Tag Archives: health fads

Why I’m not jumping on the turmeric bandwagon

Screenshot from 2018-09-10 09:43:50

 

In a faraway land, the native people have been using X root(or fruit, or spice) as a fountain of youth, the ultimate cure-all, and as an energy-booster for thousands of years. It has been recently “discovered” by western science, and its medicinal effects have been supposedly verified by scientific research. The list of health benefits is almost endless, and it is now taken as a supplement, put in lattes, teas, juices, face-masks, lotions, in practically everything! And one ever gets old or gets cancer again.

This sounds like turmeric, doesn’t it? Well of course it does! But it’s also the same exact trajectory for every other amazing “superfood” or exotic herb from the past 30 years. I remember when it was green tea, then goji berries, then countless other things. Now turmeric has taken center-stage.

Does it live up to the hype? Preliminary research does show turmeric has some anti-inflammatory effects — but so do a million other things. It’s also an antioxidant, but antioxidants as disease-preventers has been almost entirely discredited.

I admit I tried turmeric a bunch of times many years ago, and noticed no benefit, unless you call upset stomach a benefit. I really don’t have any use for it, except when enjoying spicy south Asian cuisine. While I frequently experience inflammation from all the running I do, that’s the body’s natural response to stress and muscle damage. The soreness and inflammation I often experience is well within the range of normal and so I just let the process take its course. “Lack of turmeric” is not a known medical or athletic condition.

However, many athletes regularly take turmeric for it’s anti-inflammatory effects to help speed recovery. It’s possible it actually is helpful for some athletes, and people with certain inflammatory medical conditions, but as I said before I mainly experience an upset stomach after taking turmeric.

Except for some epidemiological studies, there aren’t that many long-term placebo-controlled studies on turmeric and general health and turmeric and athletic performance. We don’t know what kind of side effects turmeric could cause when regularly taken in medicinal amounts(keep in mind that curcumin, the main medicinal chemical in turmeric is very poorly absorbed by the body). In this case I think it’s just best to leave well enough alone and not over-complicate my health and fitness regimen with something that may be useless or potentially harmful(though it’s unlikely to kill anyone). If you want to continue using it, great, but at least know all the relevant facts and please consult a health professional in case of contraindications.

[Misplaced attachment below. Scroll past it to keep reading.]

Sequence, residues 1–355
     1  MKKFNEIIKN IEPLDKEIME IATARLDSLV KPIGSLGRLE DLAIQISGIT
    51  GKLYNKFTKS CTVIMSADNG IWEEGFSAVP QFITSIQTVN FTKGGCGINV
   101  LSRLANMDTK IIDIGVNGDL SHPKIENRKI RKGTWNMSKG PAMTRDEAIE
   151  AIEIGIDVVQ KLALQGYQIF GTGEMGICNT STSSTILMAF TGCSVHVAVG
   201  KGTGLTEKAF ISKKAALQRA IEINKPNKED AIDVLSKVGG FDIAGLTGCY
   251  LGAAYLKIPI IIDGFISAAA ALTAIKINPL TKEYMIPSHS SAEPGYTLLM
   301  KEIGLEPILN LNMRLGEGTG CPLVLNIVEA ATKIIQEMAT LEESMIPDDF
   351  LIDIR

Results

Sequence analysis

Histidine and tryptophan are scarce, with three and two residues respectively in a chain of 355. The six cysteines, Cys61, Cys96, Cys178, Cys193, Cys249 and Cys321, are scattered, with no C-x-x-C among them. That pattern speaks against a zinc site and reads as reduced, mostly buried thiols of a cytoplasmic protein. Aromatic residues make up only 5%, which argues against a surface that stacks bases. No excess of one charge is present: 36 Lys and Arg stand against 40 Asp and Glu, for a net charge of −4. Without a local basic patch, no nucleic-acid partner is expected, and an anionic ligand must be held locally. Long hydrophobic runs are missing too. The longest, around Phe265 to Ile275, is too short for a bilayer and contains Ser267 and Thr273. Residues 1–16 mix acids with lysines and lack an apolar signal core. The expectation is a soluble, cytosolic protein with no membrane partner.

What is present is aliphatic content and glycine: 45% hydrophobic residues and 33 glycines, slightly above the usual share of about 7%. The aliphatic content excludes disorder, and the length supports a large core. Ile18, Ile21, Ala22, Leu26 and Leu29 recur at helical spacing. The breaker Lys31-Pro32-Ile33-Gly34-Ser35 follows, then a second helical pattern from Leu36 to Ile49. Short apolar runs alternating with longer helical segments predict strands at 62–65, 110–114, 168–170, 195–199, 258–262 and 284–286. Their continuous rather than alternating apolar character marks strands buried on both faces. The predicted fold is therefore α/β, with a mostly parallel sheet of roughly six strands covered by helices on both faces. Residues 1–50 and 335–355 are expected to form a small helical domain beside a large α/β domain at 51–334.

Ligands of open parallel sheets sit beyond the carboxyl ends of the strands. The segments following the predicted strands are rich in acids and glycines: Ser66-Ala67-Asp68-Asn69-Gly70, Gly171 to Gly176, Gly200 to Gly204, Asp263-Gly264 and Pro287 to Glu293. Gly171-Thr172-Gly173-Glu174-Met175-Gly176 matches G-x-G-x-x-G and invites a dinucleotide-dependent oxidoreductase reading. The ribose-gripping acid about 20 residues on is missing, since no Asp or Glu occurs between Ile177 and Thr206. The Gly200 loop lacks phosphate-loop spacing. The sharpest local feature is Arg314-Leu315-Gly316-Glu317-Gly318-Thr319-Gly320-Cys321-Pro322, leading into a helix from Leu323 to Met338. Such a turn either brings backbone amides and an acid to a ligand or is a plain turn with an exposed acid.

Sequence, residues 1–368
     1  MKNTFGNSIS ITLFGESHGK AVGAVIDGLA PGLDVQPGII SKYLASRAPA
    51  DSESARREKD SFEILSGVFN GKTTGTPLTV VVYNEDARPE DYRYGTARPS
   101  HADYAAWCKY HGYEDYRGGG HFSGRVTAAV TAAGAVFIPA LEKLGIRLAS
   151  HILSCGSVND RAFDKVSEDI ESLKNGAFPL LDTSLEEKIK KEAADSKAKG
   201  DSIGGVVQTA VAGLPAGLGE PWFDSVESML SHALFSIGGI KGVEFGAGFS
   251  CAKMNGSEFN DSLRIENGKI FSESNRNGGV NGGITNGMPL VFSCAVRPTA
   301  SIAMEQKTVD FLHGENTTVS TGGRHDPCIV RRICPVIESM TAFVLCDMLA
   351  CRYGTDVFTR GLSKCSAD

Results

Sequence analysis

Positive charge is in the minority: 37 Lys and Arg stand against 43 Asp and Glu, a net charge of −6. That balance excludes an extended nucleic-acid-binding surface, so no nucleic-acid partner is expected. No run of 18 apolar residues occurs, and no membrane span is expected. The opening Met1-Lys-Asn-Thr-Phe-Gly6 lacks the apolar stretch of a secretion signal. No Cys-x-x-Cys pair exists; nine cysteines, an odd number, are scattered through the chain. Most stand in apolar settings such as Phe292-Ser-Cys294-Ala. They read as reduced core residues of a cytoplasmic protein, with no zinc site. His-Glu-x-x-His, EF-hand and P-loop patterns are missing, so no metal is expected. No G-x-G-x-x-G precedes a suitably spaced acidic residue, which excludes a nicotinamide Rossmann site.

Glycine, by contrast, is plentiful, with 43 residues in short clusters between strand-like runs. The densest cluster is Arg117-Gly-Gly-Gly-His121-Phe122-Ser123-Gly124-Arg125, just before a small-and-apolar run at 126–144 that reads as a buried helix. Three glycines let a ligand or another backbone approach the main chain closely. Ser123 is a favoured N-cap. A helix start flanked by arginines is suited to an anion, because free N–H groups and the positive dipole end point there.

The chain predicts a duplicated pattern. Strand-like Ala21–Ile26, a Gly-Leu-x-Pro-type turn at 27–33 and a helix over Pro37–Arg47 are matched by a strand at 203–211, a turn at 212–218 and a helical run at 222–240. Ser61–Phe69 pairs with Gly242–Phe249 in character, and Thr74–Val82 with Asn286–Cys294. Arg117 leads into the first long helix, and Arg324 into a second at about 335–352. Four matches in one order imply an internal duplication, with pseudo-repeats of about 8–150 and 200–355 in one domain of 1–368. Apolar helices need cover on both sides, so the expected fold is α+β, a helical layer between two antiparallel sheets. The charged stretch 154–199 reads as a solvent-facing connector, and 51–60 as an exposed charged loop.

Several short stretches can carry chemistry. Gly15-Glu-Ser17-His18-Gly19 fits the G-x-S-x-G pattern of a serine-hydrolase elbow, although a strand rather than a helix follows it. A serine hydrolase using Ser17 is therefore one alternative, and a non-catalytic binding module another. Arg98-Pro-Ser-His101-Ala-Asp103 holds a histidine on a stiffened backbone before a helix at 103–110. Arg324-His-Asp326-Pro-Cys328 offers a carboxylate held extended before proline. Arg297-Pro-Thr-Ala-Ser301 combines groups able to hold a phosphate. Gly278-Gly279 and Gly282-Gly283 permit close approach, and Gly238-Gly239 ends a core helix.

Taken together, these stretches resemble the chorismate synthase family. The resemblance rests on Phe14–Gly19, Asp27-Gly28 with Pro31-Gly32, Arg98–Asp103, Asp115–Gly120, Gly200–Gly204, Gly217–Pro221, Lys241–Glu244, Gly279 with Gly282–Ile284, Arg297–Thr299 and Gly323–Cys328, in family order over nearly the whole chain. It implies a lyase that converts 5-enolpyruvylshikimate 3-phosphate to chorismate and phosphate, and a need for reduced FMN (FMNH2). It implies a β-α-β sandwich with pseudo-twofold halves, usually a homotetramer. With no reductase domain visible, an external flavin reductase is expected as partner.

Related articles:

Turmeric: Tasty in Curry, Questionable as Medicine

Turmeric May Not Be a Miracle Spice After All

Curcumin: A Review of Its’ Effects on Human Health

Is gluten-free the way to be?

A wheat field in Idaho

A wheat field in Idaho

Unless you’ve been living in a cave for the past few years, you’re likely very much aware of the gluten-free diet craze that has swept the country. While it seems like it is “new”, its proponents use the exact same play-book as those who promote fat-free and carb-free diets to the public. The strategy is simple: identify one nutrient or food group as the culprit responsible for the obesity epidemic, and a laundry list of other serious health problems. Remove this food and your health will improve. This time it is gluten, which is simply a protein composite found in wheat and closely related grains, and gives wheat dough its well-known elasticity.

As unscientific as these eliminationist claims may be, there is often a grain of truth to them. While dietary fat may not be the main or only cause of obesity, too much of it isn’t good for you; the same is true of carbohydrate or anything for that matter. And while evidence for gluten being harmful to the general population is lacking, people with celiac disease, who are a tiny minority of the population(about 1%), absolutely have to avoid all gluten containing grains or they will experience severe gastrointestinal problems. There is a slightly larger percentage of the population that is sensitive to or allergic to gluten and wheat, and are better off avoiding it.

Just because some people have serious problems with a certain food doesn’t mean that the general population will benefit from avoiding that food. I’m allergic to bananas, but it would be nonsensical to advocate a banana-free diet to people who aren’t allergic to bananas.

Besides the fact that there are no recognized benefits for the general population, a gluten-free diet can be much more expensive, though it is unlikely to be harmful if a person is still eating a healthful diet otherwise. Ultimately, to help separate the wheat from the chaff, what does the scientific evidence say? According to Gluten-Free Diet: Imprudent Dietary Advice for the General Population? in Journal of the Academy of Nutrition and Dietetics:

There is no evidence to suggest that following a gluten-free diet has any significant benefits in the general population. Indeed, there is some evidence to suggest that a gluten-free diet may adversely affect gut health in those without celiac disease or gluten sensitivity.31 Additional research is needed to clarify the health effects of gluten, and potential consequences of avoiding gluten-containing grains.

So it looks like the general population is unlikely to derive any benefits from a gluten-free diet. If you haven’t been diagnosed with celiac disease or wheat allergy by a medical doctor, you are unlikely to benefit.